- Frame questions so they avoid simple 'yes' and 'no' answers. Use questions as a way to get volunteers to feel comfortable talking about themselves, their motivations and their needs
- Give volunteers plenty of time to talk. Remember that the interview is a two-way communication.
- Not all people are the same so use the interview as a way to learn more about a prospective volunteer's specific needs and expectations.
- Avoid personal or discriminatory questions. Keep questions relevant to the role and your programs
- Take relevant notes during the interview. It's easier to remember things if you jot them down as you go
- At the end of the interview ask the prospective volunteer if they are still interested in taking on a role in your organisation. There's no use wasting time with screening or checks if they are no longer interested in a role
- Also explain the next steps after the interview and how long these are expected to take.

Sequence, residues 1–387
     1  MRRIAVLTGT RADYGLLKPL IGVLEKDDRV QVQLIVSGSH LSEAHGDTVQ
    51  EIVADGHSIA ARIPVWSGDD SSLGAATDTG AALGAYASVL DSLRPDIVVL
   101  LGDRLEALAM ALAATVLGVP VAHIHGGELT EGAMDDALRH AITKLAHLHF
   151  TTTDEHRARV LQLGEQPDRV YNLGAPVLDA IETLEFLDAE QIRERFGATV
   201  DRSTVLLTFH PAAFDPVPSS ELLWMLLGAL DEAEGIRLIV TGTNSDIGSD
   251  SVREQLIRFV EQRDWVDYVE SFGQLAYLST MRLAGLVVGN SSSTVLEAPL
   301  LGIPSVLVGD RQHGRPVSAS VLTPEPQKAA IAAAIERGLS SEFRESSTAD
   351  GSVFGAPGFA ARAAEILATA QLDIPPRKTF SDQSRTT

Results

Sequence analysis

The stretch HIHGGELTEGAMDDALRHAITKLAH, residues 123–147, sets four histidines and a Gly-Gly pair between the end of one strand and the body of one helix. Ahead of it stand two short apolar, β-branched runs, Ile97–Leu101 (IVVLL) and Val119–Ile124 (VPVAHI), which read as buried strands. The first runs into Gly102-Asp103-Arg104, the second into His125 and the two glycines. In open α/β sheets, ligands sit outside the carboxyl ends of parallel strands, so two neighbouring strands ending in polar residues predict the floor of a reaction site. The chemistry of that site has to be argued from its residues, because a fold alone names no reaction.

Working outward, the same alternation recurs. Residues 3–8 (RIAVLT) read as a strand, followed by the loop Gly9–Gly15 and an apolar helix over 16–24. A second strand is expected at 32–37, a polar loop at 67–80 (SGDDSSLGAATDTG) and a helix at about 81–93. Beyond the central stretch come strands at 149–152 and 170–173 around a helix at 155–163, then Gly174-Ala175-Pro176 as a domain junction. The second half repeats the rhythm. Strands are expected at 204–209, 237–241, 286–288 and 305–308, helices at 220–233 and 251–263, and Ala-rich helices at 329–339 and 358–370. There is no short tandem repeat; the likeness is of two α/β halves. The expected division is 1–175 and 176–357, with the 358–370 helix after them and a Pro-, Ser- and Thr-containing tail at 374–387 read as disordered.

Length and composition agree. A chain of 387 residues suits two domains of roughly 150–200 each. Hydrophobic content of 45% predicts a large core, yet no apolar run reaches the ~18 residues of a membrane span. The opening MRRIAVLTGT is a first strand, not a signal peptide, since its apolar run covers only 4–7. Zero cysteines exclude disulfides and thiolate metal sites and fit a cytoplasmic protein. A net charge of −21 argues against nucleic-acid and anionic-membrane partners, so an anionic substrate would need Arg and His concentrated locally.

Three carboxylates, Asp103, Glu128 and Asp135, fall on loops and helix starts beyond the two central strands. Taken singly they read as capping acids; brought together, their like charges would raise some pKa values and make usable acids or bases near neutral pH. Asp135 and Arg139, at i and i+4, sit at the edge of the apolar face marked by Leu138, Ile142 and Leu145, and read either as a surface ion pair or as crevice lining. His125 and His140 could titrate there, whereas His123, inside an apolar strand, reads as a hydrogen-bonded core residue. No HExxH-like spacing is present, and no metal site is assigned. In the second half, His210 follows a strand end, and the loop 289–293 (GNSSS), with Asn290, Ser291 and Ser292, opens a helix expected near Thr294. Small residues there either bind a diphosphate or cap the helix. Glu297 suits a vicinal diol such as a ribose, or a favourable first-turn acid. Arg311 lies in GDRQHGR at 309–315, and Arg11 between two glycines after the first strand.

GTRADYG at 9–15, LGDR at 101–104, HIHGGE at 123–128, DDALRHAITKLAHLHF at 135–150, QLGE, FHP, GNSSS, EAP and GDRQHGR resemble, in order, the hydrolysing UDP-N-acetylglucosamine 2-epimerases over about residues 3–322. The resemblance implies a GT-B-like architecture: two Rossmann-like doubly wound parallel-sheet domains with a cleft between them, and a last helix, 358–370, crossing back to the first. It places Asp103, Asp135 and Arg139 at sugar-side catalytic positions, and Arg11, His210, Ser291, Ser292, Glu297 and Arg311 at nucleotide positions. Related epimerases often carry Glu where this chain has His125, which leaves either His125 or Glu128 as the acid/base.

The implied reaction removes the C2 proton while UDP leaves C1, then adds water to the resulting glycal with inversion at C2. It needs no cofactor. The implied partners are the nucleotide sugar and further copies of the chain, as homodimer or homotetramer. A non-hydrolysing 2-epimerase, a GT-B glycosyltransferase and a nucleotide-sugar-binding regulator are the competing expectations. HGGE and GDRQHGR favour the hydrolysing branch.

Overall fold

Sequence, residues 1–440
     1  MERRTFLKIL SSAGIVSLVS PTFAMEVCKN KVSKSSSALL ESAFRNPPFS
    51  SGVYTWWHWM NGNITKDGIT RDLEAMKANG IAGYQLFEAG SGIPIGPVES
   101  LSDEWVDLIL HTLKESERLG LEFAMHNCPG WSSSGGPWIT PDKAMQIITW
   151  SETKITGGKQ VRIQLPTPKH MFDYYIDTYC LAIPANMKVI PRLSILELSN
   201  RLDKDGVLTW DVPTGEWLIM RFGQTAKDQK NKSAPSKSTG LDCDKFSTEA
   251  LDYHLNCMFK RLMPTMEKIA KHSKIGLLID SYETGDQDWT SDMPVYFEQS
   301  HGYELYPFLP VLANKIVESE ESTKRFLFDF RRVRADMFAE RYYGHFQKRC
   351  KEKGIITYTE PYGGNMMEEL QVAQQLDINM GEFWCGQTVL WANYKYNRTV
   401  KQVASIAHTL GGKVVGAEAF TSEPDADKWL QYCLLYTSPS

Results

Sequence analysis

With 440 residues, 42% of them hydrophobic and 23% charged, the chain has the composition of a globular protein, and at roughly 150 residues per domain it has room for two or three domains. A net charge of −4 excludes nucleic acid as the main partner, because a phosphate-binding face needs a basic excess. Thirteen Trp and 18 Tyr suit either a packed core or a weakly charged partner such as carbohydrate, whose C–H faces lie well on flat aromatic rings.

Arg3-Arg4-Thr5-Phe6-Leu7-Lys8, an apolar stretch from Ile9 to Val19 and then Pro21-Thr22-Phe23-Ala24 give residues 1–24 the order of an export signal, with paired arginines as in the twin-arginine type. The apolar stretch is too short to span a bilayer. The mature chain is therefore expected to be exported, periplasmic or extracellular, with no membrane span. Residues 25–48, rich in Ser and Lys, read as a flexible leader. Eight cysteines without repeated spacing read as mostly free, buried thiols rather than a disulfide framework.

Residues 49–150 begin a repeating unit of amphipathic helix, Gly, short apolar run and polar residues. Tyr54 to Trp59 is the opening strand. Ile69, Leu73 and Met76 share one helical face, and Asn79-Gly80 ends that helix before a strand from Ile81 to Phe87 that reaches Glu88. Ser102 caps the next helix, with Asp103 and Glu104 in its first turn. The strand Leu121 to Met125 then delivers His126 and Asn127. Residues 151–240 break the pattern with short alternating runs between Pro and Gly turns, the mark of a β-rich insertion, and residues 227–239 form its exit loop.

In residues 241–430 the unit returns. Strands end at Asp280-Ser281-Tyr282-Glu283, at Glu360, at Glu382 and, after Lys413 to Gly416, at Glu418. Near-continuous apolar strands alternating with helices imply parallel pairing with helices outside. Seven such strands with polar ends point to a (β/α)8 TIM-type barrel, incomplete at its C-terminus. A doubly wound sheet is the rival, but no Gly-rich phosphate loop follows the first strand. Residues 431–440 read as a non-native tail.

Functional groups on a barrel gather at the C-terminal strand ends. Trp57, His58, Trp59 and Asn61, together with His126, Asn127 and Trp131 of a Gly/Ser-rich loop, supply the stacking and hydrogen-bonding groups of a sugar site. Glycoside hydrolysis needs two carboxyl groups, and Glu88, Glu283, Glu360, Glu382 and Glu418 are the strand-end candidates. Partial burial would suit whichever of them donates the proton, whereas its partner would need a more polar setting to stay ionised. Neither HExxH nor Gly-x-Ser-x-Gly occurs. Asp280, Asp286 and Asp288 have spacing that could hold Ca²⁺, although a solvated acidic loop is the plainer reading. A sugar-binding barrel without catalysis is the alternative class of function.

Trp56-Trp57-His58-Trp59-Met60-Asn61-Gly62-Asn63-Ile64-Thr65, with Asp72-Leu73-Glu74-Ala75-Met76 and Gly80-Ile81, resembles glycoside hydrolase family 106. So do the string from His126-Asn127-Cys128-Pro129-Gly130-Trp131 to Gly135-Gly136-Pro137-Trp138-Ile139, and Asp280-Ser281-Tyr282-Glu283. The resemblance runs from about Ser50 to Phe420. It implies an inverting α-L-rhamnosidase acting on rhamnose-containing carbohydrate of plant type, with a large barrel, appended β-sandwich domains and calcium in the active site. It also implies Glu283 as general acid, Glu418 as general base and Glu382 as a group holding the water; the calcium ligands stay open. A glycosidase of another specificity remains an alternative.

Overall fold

After the interview
Follow up activities after the interview are just as important as the interview itself. Here's some tips:
- If you want to jot down some interview notes (highly recommended) or do any candidate scoring (see under Tools and resources for interview scoring templates) do this immediately after each interview. Taking notes is useful especially if a prospective volunteer asks for any feedback about their interview
- Always focus feedback around the requirements of the role and any personal opinions. Treat everyone fairly and without discrimination